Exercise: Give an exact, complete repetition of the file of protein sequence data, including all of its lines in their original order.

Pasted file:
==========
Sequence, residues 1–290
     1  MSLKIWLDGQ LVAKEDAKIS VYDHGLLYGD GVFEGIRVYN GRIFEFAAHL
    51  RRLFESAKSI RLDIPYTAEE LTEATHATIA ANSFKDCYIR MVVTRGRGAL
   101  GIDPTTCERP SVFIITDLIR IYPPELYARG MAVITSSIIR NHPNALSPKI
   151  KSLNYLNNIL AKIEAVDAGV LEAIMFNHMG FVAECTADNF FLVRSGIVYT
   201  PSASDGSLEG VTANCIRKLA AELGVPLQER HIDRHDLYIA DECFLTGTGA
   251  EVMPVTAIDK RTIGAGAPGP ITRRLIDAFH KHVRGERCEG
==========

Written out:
Sequence, residues 1–290
     1  MSLKIWLDGQ LVAKEDAKIS VYDHGLLYGD GVFEGIRVYN GRIFEFAAHL
    51  RRLFESAKSI RLDIPYTAEE LTEATHATIA ANSFKDCYIR MVVTRGRGAL
   101  GIDPTTCERP SVFIITDLIR IYPPELYARG MAVITSSIIR NHPNALSPKI
   151  KSLNYLNNIL AKIEAVDAGV LEAIMFNHMG FVAECTADNF FLVRSGIVYT
   201  PSASDGSLEG VTANCIRKLA AELGVPLQER HIDRHDLYIA DECFLTGTGA
   251  EVMPVTAIDK RTIGAGAPGP ITRRLIDAFH KHVRGERCEG